During that time, a friend invited him to travel by car to South Dakota. The two hoped to attend a party, he said.
They were just outside of Rapid City when they encountered what Purdy described as “huge hail and flooding.”
Recalling the storm, he said: “I thought it was the coolest thing I’d ever seen.”
Its structure and alteration of the sky made it different from a Wisconsin storm, Purdy said, adding: “I became mesmerized.”
Purdy and his companion were both trained weather spotters. Purdy had taken a two-hour course offered by the NWS about a year earlier, in 2010, he said.
Rusty Kapela, a NWS warning coordination meteorologist stationed in Sullivan was Purdy’s instructor. Kapela had enjoyed a 36-year career with the weather service before retiring in 2013, according to online biographical information.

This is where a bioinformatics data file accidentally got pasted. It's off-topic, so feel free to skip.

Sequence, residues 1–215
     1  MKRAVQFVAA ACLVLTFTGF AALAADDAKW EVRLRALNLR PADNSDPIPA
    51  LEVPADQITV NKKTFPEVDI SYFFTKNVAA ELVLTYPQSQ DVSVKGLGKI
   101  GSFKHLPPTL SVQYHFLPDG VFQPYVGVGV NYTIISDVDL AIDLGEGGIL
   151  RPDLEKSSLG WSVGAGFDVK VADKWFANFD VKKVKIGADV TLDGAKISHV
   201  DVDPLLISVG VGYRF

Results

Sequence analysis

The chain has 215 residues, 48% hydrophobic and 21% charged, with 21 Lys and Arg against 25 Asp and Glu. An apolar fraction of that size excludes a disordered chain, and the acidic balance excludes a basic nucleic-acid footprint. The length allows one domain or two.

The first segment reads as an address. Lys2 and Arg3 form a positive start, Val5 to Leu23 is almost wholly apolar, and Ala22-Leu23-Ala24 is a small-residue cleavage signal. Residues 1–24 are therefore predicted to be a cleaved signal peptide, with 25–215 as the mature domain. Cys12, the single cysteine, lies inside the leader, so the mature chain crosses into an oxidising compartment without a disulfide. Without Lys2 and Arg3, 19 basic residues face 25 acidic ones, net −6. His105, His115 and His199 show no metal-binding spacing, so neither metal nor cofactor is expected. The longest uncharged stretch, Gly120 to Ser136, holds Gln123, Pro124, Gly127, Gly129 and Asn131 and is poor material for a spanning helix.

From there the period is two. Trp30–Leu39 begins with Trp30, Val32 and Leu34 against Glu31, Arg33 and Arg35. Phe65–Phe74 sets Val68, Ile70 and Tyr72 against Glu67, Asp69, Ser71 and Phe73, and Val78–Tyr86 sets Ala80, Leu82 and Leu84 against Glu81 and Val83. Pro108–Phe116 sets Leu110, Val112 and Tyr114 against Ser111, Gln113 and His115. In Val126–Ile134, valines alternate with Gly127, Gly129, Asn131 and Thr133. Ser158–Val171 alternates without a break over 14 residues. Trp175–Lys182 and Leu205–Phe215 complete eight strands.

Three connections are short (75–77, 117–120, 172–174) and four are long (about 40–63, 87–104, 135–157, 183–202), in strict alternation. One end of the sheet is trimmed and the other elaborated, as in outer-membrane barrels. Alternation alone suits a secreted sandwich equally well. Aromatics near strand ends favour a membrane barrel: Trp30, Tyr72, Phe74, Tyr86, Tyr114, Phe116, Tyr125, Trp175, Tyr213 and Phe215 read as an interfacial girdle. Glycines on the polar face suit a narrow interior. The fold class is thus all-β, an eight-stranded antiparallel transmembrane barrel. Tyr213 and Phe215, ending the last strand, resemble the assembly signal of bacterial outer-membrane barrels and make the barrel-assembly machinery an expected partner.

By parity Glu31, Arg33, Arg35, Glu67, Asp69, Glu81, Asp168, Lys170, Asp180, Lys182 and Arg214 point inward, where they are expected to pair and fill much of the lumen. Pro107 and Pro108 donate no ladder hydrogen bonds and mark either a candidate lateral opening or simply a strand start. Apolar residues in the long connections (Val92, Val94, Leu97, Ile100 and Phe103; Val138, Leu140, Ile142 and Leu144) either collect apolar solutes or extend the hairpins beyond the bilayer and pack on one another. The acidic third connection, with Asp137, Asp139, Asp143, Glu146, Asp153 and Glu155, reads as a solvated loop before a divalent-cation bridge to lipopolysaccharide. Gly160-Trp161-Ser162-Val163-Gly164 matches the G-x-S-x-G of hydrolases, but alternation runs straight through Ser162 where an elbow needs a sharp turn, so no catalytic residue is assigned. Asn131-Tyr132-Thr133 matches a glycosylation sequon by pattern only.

Kapela was one of many whom, Purdy said, helped cultivate his understanding of weather.
From spotter to chaser
“As a trained spotter, you are taught some basics about storms and then you send in reports to the National Weather Service. You might look at snowfall counts and rain rates, and severe storms,” Purdy said.
He took the course because “I thought it was cool and it was free,” he said. The NWS teaches it each spring.
As a youth, Purdy said: “I was scared, so it seemed like we had a storm every night. I just wanted to learn more about storms.”
After completing the course, “I thought I was a badass,” he said. Describing himself as a bit of a thrill seeker, when he was a youth, he thought he might like to be a firefighter. Today, he said, “I’m the most down-to-earth person you’ll ever meet.”